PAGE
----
All right, I have continued playing with my Timeline, and I'm happy to report that I'm getting closer to solving most of the problems that I discussed in my previous post. Mainly, this means that I now have a way to take information from this Google Spreadsheet and use it to dynamically create a timeline. Moreover, I can give other users access to the spreadsheet as a collaborator, and they can add events (or erase them) from the timeline as well. (Wayne, for example, added the Battle of Hastings to the current timeline.)
I have also found out how to add images (click on "Men Without Women") and links (click on "Nobel Prize in Literature") to the descriptions. The latter took a little bit of coding, but nothing obscene. I think it would be easy to hand the students a list of basic commands to accomplish making their own links.
What is making this timeline work so much better than my first one is it is being powered by the SIMILE Project's Exhibit software. This software is--to borrow a term from our TLC conversations--allows you to make mashups of information by building a database and linking objects together in whatever relationships you want. It also provides a good way to filter this information. They have numerous examples: billionaires in history, US Presidents, and cereal mascots. You'll notice that the first two use geotagging (as well as Google Maps) to produce their results. A less visually stunning, but perhaps more useful example is this conference schedule which someone built within Exhibit. The filtering seems really useful (as well as the ability to search on any field). You can also view the conference as abstracts and as a Timeline. This is because Timeline is a component you can add into your Exhibit. And Exhibit, fortunately, allows you to take feeds from Google Spreadsheets.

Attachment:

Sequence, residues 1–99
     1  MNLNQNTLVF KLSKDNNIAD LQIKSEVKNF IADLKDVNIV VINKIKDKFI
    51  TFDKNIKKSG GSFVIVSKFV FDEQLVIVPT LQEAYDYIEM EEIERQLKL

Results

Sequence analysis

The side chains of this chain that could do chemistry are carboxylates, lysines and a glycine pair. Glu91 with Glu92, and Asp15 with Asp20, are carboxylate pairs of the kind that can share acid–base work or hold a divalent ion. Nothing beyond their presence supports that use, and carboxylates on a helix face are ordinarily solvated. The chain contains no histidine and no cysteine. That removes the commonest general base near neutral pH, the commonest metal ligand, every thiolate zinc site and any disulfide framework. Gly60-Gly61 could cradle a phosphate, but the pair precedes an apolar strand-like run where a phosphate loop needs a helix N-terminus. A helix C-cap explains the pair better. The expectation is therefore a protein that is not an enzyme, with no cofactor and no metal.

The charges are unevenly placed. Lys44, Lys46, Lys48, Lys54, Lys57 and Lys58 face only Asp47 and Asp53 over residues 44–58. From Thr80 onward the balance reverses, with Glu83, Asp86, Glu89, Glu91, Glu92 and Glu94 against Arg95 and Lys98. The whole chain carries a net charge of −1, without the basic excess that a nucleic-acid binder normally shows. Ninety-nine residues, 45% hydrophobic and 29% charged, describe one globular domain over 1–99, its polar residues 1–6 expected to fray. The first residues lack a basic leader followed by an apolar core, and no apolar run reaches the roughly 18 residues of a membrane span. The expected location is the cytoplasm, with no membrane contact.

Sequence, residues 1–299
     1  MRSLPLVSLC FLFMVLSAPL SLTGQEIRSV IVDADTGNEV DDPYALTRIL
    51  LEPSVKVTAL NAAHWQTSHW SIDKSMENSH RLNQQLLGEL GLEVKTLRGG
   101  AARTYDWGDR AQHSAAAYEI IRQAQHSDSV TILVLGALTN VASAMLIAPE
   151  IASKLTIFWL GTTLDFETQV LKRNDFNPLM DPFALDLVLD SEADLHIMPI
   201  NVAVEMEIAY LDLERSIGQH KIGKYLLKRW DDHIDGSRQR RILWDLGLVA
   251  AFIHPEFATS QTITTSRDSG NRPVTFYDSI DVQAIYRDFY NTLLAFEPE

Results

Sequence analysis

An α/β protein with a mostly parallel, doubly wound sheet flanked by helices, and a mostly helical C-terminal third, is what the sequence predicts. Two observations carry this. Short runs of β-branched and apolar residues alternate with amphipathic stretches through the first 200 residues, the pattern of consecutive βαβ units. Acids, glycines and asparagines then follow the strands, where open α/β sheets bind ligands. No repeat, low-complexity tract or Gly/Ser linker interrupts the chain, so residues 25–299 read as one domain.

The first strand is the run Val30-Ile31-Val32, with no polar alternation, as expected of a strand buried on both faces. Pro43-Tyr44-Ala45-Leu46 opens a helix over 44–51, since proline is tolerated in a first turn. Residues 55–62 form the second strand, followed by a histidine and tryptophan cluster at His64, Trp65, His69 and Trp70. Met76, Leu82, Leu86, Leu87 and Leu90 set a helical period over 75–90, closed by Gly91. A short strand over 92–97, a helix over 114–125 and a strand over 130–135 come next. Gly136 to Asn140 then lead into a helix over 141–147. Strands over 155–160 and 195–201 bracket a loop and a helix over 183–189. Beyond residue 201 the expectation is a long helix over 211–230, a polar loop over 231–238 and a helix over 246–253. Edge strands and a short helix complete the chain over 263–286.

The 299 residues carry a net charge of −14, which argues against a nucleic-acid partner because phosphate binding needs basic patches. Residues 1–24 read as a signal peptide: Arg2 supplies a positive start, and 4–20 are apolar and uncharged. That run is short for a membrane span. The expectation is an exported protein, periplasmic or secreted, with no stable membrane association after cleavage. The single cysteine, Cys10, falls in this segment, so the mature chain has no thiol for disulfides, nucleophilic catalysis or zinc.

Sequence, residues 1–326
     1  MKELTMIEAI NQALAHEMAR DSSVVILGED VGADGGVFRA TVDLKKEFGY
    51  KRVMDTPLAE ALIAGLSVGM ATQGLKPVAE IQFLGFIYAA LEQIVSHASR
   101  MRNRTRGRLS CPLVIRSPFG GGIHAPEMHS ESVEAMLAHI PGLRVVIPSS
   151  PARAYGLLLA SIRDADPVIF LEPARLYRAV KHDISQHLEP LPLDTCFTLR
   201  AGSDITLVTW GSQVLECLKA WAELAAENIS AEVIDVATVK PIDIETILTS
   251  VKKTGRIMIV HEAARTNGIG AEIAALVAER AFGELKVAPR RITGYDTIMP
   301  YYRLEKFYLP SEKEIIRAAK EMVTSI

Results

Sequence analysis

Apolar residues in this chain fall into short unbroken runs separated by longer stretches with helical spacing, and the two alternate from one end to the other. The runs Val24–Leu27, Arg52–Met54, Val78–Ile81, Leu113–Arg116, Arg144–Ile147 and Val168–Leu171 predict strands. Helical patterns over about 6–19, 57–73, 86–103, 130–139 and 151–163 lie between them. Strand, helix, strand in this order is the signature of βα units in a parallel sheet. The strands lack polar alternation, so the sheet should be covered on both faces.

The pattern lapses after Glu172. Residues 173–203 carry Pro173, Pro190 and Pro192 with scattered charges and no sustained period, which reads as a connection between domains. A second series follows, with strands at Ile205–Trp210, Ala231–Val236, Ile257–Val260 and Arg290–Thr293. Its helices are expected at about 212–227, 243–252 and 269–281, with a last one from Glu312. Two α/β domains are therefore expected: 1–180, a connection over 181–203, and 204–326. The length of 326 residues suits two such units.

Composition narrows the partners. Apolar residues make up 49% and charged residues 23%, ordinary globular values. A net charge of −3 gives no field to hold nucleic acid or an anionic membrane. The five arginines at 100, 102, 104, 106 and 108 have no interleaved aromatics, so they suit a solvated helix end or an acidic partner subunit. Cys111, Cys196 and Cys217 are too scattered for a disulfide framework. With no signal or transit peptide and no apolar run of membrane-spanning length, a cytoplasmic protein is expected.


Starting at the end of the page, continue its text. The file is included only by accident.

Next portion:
There are still a few things that I would like to work out on this timeline. At the moment, I can only use years with events; months and dates don't display accurately. I would also like to have the ability to have events show up in different colors based on the "type" of event they are, something I have specified in the spreadsheet. So I have some questions out to the folks at MIT, and we'll see what they come back with.
At the very least, however, this means that I could run a spreadsheet in my classroom without too much work on the part of the students. Good times.